John Ashcroft faces criticism during speech

By Marleigh Felsenstein

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Christina Yacono/Daily Collegian

Christina Yacono/Daily Collegian

Former Republican Attorney General and former Governor of Missouri John Ashcroft came to talk about liberty on campus on Wednesday in the Student Union Ballroom.

His speech was titled “The Future of America and the GOP: Insights from an Esteemed Political Figure.” However, Ashcroft’s time at UMass soon turned from a talk of liberty to rapid word-fire from the crowd protestors, who had previously stood outside with signs that read “War Criminal,” which was later shouted on several occasions during the speech.

David Kaufman, president of the Republican Club on campus, introduced Ashcroft. Before the speech, in regards to the Republican Club, Kaufman said “My group has never and will never impede on someone’s right to free speech.”

Ashcroft said, “Thank you for standing up and thank you for sitting down” when people did not leave when he began his speech, Ashcroft was involved in controversial matters during his career in the Bush administration. According to Kaufman, Ashcroft is also the “only person in an election to lose his seat to a deceased opponent,” who was Mel Carnahan in the Missouri Senate election in 2000.

Ashcroft’s number-one priority is preventing terrorism, he said. He also spoke a lot about liberty and freedom, using quotes from important places and documents in history including the Declaration of Independence and a quote written on the base of the Statue of Liberty.

“(Americans) are perhaps the only people on the Earth who can’t claim to be better than other people because we are other people,” Ashcroft said. He also said that “liberty preceded government,” and that “rights do not come from governments; they transcend governments.”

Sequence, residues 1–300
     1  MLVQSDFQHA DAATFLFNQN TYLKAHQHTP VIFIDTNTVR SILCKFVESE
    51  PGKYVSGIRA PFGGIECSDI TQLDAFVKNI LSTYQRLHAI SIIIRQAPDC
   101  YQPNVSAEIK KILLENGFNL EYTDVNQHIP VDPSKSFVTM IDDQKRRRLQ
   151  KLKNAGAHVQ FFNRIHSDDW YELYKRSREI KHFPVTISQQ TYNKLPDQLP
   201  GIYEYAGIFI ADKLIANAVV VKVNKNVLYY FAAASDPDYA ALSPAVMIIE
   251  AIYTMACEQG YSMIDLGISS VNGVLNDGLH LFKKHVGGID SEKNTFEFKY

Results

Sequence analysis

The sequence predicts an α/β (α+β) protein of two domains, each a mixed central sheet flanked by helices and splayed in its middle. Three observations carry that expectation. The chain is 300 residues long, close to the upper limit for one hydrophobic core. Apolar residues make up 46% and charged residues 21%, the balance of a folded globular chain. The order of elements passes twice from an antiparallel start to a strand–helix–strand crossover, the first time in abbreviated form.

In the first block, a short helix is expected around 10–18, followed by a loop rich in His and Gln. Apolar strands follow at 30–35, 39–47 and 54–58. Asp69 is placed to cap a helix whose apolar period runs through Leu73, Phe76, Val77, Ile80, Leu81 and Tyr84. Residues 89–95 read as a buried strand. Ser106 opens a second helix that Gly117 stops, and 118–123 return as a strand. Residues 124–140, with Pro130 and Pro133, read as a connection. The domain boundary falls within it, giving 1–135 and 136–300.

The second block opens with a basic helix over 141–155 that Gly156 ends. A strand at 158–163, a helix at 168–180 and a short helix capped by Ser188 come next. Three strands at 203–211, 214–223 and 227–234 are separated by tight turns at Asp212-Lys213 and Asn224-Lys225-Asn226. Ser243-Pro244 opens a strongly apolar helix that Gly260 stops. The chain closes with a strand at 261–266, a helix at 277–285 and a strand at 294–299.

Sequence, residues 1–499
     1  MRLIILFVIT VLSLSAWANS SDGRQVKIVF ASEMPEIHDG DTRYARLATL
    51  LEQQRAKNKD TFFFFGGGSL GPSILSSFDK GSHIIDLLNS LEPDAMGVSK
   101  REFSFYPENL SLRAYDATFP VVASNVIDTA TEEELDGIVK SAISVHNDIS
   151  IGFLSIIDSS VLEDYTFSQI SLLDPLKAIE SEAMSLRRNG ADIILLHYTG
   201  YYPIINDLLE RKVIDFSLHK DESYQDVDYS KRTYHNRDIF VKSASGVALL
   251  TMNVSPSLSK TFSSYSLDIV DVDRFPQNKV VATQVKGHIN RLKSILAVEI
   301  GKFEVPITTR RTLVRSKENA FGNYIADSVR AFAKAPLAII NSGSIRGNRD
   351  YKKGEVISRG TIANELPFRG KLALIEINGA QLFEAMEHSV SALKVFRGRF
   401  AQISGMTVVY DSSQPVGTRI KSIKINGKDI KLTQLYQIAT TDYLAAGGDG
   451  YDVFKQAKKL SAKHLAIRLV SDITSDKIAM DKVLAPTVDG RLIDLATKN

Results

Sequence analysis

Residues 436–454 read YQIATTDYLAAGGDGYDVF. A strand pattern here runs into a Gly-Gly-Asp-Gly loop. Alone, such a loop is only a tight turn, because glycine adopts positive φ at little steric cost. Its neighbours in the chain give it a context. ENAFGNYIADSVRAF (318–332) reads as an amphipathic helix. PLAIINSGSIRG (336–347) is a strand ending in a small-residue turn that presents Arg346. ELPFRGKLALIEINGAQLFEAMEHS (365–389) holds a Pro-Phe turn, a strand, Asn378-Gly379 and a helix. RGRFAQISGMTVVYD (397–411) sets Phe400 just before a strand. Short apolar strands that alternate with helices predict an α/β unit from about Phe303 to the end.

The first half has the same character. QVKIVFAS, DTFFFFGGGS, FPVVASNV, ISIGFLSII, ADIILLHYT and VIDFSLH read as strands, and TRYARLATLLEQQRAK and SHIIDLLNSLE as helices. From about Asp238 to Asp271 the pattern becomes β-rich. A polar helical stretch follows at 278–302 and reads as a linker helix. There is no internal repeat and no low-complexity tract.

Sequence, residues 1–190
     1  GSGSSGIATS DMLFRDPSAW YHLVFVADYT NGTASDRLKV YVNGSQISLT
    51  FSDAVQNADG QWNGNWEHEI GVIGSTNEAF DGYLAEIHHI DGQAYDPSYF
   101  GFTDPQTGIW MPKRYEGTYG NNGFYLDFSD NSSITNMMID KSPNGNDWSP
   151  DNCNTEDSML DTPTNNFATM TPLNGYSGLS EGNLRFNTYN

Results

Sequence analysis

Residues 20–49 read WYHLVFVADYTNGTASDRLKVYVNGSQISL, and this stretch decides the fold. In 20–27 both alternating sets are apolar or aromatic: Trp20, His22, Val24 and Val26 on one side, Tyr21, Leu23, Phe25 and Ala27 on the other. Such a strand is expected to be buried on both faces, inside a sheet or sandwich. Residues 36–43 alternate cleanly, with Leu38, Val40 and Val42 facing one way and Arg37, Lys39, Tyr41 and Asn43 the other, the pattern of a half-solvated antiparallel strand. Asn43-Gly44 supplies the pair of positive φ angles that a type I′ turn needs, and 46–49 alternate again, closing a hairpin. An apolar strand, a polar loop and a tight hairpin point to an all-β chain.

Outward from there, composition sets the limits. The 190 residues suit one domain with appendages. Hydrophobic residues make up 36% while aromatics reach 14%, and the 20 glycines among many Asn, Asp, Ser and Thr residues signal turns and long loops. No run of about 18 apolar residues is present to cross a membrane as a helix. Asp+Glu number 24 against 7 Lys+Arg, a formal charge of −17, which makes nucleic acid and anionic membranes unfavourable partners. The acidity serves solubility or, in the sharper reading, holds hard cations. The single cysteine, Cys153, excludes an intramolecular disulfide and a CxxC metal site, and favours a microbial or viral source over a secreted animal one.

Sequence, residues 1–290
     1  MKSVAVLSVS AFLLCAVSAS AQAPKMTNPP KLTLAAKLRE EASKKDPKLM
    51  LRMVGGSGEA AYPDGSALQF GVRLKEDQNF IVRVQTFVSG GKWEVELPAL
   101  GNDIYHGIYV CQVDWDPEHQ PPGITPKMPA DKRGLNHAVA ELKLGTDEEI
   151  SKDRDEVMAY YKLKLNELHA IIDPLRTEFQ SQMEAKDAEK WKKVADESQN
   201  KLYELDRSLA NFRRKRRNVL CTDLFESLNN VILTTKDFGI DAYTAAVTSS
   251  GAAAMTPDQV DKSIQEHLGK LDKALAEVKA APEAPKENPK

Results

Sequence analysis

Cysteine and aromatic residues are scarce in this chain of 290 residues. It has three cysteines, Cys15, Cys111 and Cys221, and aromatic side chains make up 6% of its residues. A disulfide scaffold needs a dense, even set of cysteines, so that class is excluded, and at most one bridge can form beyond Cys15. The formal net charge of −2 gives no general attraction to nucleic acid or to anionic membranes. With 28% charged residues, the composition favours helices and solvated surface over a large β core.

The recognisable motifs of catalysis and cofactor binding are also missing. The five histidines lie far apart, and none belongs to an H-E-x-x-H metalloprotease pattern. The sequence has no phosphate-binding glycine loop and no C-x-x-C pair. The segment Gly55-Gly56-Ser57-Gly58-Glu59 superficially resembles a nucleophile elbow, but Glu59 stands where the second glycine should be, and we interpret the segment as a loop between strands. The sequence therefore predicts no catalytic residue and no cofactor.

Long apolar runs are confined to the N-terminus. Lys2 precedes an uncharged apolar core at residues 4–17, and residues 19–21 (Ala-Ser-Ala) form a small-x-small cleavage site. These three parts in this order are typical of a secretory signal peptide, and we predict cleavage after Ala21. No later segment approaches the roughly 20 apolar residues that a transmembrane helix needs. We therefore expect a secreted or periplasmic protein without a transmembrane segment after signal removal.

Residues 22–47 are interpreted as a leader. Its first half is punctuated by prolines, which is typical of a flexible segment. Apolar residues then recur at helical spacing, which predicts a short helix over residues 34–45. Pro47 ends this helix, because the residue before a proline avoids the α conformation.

“Liberty is the core value of humanity,” Ashcroft said. “My first point is this: Liberty is the number-one value, it’s what makes America a special place.”

In regards to religious freedom, Ashcroft said, “It is against my religion to impose my religion.”

Ashcroft’s speech then turned into a game of words between him and his audience. People began to shout questions from the crowd about things he had allegedly done in his past. Questions were asked about his opinions on the Patriot Act, the situation of possible nuclear weaponry in Iraq, torture (specifically water-boarding – a crowd member asked if they could water-board Ashcroft), prisoners in Guantanamo Bay and the death penalty. Ashcroft answered mostly all of the questions, which led to the cancellation of the planned question-and-answer session at the end of his speech.

When asked questions about the current Obama administration, Ashcroft said, “I can’t answer for the Obama administration,” and that he “doesn’t question the good faith of our president.”

“I am not privy to circumstances now,” he said.

In regards to the Patriot Act and roving wiretapping, Ashcroft said that he believes it was “very successful” and that it “was good enough to stop welfare nursing home fraud and narcotics agents, so it was good enough to stop terrorism.” He said the Patriot Act, which was first introduced in 1988, was initially introduced to fight organized crime. However, he argued that it was “hotly debated,” and that it took years to pass.

“You can’t get 88 senators to agree that it’s Wednesday,” he said.

Ashcroft ended by saying, “I am not the future of the party – you’re the future of the party. The gulf that separates us is generation.”

Ashcroft, who often travels to give speeches, did not receive any money from the University to come and speak. “I don’t get one red cent for being here,” he said. Only his transportation and hotel room are being paid for.